If ovarian cancer is caught early, it is easy to treat. But in most cases it isn’t detectable until later stages when the cure rate declines significantly. Dr. Lynne Postovit is hoping to change that. The Alberta Cancer Foundation partnered with the University of Alberta and the Royal Alexandra Hospital Foundation to recruit Dr. Postovit, one of the brightest minds in ovarian and breast cancer research, to Alberta. Dr. Postovit, who holds the new Sawin-Baldwin Chair in Ovarian Cancer, will focus on finding better biomarkers for ovarian cancer and gaining a better understanding of how advanced cancers are able to resist treatment. Her team will study how the disease can continue to grow even when it is being treated aggressively. The funding provided by Alberta Cancer Foundation donors and OneWalk to Conquer Cancer participants will allow her team to do transformative research, with the ultimate goal of decreasing the number of women who die every year from ovarian cancers. This investment will be used to make breakthroughs that will improve health and decrease suffering for Albertans.

  • Approximately 800 Albertans are diagnosed with non-Hodgkin lymphoma each year.
  • One in 39 men and one in 46 women will be diagnosed.
  • Approximately 600 Albertans are diagnosed with leukaemia each year.

Dr. Luc Berthiaume, a researcher at the University of Alberta, has been working on a new treatment for lymphoma patients by evaluating a new drug that has been found to be highly selective in killing tumours. Guided by a predictive biomarker to identify patients with susceptible lymphoma cancers, this biomarker can identify molecular lesions in cancer cells that make them vulnerable to the drug. Known as “personalized medicine”, this drug will only be given to patients who will benefit from it, sparing other patients from unnecessary treatments. Support from OneWalk and Alberta Cancer Foundation donors will provide research that reduces side effects and make a significant impact for lymphoma patients.

  • More than 600 new head and neck cancers are diagnosed every year in Alberta
  • 200 of those patients require major head and neck cancer surgery, often leading to the loss of the jaw, tongue or other parts of the mouth.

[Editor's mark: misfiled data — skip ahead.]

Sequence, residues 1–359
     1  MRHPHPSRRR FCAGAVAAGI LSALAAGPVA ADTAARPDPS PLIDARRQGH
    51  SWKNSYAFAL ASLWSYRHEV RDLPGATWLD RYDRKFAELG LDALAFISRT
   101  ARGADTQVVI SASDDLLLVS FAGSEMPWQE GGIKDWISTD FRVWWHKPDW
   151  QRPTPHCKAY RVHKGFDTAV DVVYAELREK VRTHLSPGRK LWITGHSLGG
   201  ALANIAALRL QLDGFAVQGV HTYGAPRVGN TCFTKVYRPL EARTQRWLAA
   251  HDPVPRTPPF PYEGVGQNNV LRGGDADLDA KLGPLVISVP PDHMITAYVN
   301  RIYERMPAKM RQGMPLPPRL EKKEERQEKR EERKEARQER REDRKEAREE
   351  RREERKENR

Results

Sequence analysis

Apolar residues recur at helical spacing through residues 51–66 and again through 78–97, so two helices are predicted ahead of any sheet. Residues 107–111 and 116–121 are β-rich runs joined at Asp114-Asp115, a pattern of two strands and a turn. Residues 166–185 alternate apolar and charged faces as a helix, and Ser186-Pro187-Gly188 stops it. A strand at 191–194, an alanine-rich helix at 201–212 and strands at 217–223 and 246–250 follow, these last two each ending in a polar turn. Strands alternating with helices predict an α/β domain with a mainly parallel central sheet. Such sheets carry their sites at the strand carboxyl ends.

• Head and neck cancers have a survival rate of less than 50 per cent.

Head and Neck Cancer Therapies - Swallowing disorders affect 70 per cent of patients with head and neck cancer, which can lead to a dependence on tube feeding, affecting social interactions and overall quality of life. The current therapy required is time and labour intensive for both patient and therapist. A research team in Edmonton is testing a mobile app that will receive information from a simple adhesive pad under patients’ chins, and instantly share that feedback with clinicians. This will enhance patient quality of life, as they can receive treatment from the comfort of their home. The goal is to have this device in clinical trials within two years.

  • Approximately 2,150 Albertans will be diagnosed with lung cancer this year. Sadly, 1,600 will die from it.
  • In 2016, an estimated 1,050 men and 1,100 women will be diagnosed with lung cancer in Alberta.
  • An estimated 810 men and 790 women will die of lung cancer in Alberta.
  • For both men and women in Alberta, lung cancer is the leading cause of cancer death.

Lung Cancer Screening Program - So far, no Canadian province has a lung cancer screening program. With help from OneWalk to Conquer Cancer, Alberta will be the first, launching a province-wide screening program that best determines who to screen and when, saving many Albertans’ lives.